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Oxford’s Beth Ann Fennelly named Mississippi poet laureate

A celebrated and award-winning writer, Beth Ann Fennelly believes in sharing her love and knowledge of the arts of poetry and writing with all Mississippians, from the very young to the very old.

For the next four years, she will be able to do just that as Mississippi’s poet laureate.

The Mississippi Arts Commission announced today that Fennelly has been appointed poet laureate by Gov. Phil Bryant, honoring her as not only an outstanding Mississippi author but also an ambassador for the literary arts.

During her four-year term, Fennelly will serve as the official state poet and will work to make poetry more available and accessible to Mississippians in their everyday lives. This includes creating and reading poetry during state occasions and participating in school and community events that promote appreciation of poetry as an art form.

The distinction of Mississippi poet laureate dates back to 1963.

Fennelly found out she had been selected late last week.

“I knew I had been nominated in December,” she told the EAGLE. “In January I was interviewed by the committee and then three finalists’ names were put forward.”

For more than seven months, Fennelly waited to find out whom the governor had selected. The wait was worth it.

“I was completely thrilled,” Fennelly said on finding out she had been chosen. “I couldn’t believe it really. Natasha Trethewey is someone I greatly admire and to follow her is an honor.”

Spreading love of poetry

Fennelly said her main mission will be to get poetry into the hands of Mississippians as frequently as possible and she already has several ideas on how to accomplish her task.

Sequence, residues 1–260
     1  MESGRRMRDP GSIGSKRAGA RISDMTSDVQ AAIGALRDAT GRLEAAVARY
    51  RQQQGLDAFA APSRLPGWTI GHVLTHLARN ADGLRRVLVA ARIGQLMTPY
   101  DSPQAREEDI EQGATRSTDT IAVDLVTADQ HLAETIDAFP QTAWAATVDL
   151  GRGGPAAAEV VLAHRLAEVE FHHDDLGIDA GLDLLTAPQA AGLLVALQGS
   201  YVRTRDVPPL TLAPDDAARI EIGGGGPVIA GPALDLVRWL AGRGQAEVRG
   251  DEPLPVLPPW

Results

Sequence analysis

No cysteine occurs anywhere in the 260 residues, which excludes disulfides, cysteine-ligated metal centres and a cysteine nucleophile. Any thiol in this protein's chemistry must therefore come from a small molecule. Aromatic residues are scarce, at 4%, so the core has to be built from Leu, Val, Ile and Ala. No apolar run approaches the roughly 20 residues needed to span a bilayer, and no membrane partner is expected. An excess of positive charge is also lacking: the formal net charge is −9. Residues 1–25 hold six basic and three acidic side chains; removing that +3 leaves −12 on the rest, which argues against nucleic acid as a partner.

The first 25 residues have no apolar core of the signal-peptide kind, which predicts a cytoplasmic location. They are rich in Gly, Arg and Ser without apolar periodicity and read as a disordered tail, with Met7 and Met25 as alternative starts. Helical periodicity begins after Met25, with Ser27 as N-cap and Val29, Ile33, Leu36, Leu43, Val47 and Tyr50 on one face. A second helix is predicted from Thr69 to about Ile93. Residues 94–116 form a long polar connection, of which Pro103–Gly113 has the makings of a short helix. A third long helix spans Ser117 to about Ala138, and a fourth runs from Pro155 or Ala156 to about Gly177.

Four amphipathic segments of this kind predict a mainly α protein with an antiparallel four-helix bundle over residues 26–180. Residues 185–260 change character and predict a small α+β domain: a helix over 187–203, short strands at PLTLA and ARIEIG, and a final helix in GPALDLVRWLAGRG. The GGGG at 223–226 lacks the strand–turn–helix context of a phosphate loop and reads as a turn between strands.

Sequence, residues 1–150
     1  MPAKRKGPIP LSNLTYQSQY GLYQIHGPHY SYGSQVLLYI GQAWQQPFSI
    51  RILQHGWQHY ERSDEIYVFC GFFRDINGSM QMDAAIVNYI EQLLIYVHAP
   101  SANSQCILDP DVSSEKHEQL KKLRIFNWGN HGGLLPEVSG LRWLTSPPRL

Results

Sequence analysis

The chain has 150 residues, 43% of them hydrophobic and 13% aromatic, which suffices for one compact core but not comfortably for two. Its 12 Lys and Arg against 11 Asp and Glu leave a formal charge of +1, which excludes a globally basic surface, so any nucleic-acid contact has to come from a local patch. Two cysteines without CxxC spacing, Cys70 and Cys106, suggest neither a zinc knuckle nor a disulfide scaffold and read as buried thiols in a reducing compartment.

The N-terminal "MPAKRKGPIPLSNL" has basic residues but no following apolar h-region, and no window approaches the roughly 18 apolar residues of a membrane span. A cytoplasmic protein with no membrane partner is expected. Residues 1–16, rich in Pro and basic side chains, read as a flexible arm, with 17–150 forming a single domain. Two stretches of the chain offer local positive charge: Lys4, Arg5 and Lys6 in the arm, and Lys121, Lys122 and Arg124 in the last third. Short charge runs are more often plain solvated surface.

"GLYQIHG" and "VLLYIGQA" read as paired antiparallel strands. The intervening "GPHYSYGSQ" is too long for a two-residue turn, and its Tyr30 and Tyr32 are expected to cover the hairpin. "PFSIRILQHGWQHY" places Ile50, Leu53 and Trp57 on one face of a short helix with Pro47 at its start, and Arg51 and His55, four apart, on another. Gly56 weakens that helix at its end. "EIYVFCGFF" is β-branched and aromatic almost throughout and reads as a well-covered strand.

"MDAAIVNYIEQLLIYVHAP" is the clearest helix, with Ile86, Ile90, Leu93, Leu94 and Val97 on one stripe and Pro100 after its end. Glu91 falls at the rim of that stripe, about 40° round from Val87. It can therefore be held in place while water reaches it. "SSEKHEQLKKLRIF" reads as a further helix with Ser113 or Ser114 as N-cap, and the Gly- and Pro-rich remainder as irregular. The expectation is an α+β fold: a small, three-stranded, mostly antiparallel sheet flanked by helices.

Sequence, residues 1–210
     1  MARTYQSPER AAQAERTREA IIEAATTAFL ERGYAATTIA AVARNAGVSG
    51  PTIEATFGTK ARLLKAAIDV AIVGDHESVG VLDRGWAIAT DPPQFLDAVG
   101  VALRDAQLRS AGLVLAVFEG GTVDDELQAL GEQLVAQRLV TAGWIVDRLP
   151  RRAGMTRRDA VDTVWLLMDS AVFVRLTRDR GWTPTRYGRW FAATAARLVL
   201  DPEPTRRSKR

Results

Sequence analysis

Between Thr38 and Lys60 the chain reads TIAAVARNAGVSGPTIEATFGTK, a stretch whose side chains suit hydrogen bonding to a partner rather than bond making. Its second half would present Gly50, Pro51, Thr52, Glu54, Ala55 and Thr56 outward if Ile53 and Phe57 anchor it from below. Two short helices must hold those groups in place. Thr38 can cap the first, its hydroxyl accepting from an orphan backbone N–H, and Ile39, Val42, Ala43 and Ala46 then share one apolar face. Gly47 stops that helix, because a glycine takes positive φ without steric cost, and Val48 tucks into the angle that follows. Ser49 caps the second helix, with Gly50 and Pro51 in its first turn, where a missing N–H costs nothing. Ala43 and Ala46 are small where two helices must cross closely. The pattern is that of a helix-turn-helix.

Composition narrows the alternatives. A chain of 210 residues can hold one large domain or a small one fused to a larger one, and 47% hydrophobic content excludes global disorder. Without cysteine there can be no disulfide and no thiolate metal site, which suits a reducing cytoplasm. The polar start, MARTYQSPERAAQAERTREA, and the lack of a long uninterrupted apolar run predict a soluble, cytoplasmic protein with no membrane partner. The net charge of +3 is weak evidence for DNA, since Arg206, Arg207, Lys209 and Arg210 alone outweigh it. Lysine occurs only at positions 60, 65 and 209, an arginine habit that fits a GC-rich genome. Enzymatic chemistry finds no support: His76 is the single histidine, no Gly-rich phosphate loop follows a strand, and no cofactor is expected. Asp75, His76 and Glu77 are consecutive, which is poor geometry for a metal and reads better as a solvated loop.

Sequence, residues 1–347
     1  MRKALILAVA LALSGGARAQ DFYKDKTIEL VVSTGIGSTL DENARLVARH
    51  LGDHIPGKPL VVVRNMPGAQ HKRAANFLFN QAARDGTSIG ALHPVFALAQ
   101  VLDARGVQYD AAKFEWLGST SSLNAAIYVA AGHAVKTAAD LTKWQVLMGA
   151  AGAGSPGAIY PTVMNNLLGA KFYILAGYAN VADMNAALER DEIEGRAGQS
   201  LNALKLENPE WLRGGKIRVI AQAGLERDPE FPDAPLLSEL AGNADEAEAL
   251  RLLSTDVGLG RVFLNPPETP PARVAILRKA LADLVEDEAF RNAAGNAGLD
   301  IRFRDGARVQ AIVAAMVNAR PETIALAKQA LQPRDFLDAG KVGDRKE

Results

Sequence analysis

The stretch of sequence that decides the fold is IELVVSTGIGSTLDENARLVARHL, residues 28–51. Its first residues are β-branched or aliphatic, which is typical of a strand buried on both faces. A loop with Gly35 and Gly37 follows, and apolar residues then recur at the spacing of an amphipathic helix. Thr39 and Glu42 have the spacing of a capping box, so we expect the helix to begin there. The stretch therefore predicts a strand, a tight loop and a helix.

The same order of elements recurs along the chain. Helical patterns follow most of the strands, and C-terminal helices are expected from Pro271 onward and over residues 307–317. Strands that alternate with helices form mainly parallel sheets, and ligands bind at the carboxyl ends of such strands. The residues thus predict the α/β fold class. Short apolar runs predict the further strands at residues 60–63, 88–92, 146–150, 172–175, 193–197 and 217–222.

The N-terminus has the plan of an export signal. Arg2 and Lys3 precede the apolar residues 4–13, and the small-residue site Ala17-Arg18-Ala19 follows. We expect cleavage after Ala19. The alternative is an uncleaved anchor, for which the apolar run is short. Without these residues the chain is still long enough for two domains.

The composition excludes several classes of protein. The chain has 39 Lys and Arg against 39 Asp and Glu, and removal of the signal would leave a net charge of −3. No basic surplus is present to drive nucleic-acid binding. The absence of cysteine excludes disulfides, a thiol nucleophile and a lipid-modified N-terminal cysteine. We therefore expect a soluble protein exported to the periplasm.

“I will do a lot of readings and performances of my work and I’m looking forward to talking to the audiences about the poetry I wrote in Mississippi about Mississippians to Mississippians. I’ll do workshops and hold classes.”

Fennelly said she looks forward to working more closely with Poetry Out Loud Initiative in Mississippi, that helps students build their public speaking skills, build self-confidence and improve their reading comprehension. Students select a favored poem, memorize and compete for awards on reading and public speaking skills.

“I want to teach (children) they don’t have to be scared of poetry,” Fennelly said. “I also look forward to spreading the word about the Mississippi Book Festival where our best authors are showcased.”

Several responsibilities

Some of Fennelly’s new responsibilities will include serving as the official state poet, creating and reading appropriate poetry at state functions; help identify Mississippi poets, write poetry and promote literacy arts by attending and speaking at schools and other organizations; to serve as the honorary host of the Poetry Out Loud Initiative and serve as the Mississippi Arts Commission teaching artist.

The Poet Laureate appointment is an honorary position and does not include a stipend. Mississippi Arts Commission Grants are available to non-profit organizations to compensate for up to half of the total fee of a presentation by the poet Laureate.